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Berry Tramel: Star Spencer's championship game win over Douglass a night of hoping and believing

by Berry Tramel Modified: December 6, 2009 at 12:02 am •  Published: December 6, 2009

STILLWATER — Franky Jamison kept wandering around in the cold, muttering "I can’t believe it, I can’t believe it.”

But the Star Spencer quarterback wasn’t coming clean. He knows as well as anyone that belief is what it’s all about.Star Spencer beat Douglass 34-21 in the Class 4A state championship game Saturday night, giving Oklahoma City Public Schools its first football title in 14 years.

"Greatest thing ever,” said soft-speaking but hard-hitting Star Spencer linebacker Jamonte Mitchell, wiping away tears.In a class with perennial powers Weatherford, Bishop McGuinness and Glenpool, the gold trophy is going home with one of the forgottens. One of the schools with inferior facilities and little hope.

But a little hope and a lot of belief can go a long way with good athletes and committed coaches.

Jamison, a 5-foot-7 senior who ran for two touchdowns and threw for another, played receiver last season.In the spring,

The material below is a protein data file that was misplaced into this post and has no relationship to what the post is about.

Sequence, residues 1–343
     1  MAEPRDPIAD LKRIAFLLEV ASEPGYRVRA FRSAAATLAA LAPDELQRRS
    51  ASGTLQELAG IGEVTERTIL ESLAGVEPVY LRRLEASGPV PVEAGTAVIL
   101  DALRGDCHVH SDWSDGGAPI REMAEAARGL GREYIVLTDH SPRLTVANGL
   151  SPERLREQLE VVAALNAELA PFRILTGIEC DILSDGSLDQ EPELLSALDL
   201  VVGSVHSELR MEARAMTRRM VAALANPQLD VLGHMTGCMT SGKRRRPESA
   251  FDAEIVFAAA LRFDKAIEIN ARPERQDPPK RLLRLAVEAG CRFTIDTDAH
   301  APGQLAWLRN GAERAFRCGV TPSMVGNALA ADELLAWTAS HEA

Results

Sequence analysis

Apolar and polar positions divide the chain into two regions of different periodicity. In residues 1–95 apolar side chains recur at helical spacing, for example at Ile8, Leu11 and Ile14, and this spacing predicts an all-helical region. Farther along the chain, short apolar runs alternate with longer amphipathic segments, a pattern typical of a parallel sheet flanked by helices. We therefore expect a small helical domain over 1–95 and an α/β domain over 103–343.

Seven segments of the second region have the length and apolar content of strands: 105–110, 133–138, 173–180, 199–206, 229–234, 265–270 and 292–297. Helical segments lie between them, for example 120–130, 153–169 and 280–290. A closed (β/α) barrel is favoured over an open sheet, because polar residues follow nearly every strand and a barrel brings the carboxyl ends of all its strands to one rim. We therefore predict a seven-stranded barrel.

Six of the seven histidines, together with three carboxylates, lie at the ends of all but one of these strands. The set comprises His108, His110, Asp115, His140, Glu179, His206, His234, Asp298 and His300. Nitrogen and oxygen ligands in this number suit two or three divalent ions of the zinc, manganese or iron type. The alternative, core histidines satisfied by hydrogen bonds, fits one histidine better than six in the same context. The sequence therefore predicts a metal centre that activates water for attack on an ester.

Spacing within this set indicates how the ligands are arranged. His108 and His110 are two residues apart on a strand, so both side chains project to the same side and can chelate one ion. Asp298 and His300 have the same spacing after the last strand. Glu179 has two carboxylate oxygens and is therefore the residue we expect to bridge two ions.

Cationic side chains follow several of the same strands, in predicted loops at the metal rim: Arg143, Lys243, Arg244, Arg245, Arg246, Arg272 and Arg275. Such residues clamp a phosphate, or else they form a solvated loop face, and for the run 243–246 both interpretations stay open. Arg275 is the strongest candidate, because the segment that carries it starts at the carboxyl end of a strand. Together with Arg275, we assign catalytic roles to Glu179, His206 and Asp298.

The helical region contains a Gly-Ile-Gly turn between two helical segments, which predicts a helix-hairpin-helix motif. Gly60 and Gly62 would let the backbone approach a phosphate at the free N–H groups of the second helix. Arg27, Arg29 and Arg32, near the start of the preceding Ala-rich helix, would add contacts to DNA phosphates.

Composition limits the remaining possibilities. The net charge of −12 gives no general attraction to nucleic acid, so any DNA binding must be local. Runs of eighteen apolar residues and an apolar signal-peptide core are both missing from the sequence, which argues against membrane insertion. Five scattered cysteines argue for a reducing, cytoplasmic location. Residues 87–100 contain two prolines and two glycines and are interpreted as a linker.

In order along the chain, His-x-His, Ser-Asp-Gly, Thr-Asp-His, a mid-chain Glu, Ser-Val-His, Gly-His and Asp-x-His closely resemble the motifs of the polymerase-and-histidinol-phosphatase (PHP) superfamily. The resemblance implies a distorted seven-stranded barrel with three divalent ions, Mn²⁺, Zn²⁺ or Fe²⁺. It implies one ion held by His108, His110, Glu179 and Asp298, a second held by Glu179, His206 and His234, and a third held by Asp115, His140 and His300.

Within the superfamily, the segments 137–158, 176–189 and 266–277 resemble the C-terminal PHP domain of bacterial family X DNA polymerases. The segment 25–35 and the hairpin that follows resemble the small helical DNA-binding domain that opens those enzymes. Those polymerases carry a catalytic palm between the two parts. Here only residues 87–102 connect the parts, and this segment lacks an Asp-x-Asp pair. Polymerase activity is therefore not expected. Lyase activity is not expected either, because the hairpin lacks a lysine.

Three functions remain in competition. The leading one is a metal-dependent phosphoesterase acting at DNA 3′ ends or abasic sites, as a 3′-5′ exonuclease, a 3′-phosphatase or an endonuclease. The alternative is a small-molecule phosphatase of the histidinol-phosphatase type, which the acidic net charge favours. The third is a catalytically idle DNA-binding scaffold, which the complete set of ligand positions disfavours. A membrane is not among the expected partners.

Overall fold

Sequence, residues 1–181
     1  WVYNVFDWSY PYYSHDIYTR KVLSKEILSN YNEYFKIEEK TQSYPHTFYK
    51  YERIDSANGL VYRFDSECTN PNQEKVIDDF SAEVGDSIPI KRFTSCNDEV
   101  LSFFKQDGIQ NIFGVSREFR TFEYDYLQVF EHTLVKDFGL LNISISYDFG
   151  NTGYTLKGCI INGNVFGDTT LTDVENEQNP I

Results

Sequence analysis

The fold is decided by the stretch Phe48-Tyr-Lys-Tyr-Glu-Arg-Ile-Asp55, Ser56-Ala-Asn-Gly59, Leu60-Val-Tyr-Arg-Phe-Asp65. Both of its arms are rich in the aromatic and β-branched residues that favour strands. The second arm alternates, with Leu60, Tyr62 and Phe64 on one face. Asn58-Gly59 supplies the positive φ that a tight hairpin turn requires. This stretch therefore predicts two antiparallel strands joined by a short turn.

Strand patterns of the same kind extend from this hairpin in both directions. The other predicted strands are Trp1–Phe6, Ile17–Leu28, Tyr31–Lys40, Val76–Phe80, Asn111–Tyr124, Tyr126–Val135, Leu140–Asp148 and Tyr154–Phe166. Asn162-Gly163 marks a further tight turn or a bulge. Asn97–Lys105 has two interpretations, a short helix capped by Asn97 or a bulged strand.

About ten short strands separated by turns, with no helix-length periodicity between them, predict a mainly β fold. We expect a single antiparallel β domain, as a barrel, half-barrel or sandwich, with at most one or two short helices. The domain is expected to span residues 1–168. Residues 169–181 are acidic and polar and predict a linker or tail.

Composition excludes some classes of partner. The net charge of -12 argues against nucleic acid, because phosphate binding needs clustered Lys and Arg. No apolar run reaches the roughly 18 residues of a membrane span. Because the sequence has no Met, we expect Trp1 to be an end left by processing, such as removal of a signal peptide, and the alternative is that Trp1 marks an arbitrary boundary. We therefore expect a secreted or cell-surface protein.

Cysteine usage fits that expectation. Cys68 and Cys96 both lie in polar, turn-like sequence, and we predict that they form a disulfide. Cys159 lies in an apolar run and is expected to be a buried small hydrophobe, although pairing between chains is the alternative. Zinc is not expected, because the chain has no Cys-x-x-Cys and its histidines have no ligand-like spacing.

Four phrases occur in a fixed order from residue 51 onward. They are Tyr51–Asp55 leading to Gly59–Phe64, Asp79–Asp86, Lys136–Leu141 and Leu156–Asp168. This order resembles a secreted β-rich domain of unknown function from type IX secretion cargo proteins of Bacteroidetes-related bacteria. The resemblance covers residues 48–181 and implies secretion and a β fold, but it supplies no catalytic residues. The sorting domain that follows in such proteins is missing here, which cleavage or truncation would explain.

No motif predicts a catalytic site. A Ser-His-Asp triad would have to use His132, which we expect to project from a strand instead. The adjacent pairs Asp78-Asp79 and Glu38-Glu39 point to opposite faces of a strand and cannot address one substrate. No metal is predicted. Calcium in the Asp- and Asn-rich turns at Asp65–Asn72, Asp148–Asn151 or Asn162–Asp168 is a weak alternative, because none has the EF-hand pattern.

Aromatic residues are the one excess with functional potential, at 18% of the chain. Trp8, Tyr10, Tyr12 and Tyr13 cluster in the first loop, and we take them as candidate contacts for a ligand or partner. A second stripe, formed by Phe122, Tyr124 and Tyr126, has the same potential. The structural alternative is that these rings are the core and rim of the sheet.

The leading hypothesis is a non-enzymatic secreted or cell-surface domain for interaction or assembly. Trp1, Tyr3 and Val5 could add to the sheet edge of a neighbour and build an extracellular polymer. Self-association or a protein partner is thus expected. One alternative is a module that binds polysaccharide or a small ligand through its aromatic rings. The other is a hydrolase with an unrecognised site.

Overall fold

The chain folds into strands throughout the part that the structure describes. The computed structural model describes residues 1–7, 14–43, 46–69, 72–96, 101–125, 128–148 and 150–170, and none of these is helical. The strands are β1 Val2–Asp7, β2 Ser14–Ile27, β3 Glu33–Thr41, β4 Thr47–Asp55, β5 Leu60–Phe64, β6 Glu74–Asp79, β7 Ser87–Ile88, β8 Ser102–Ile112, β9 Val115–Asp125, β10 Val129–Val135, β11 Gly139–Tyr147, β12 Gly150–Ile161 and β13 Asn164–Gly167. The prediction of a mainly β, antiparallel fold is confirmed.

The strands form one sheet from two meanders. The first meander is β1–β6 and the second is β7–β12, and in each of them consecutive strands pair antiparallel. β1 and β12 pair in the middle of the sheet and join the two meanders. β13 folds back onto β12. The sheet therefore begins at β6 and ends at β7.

Star coach Darrell Hall moved Jamison to quarterback and "told me I could lead the team to a state championship,” Jamison said. "I believed him.”

Now maybe others will believe. The kids at Northeast and Capitol Hill and John Marshall. The kids who dare not think of a state championship, since broken dreams are hard to bare.

But when the Star Spencer Bobcats can win state, why not Southeast or U.S. Grant or Northwest Classen?

"It means the world,” said Grant coach Terrell Love, who spent the previous three years on Hall’s Star staff.

Love has heard the talk that OKC schools can’t compete in football. He read The Oklahoman’s August report on OKC Public Schools football, which included some suggestions that the schools withdraw from state competition and compete only against each other.

by Berry Tramel
Berry Tramel, a lifelong Oklahoman, sports fan and newspaper reader, joined The Oklahoman in 1991 and has served as beat writer, assistant sports editor, sports editor and columnist. Tramel grew up reading four daily newspapers — The Oklahoman,...
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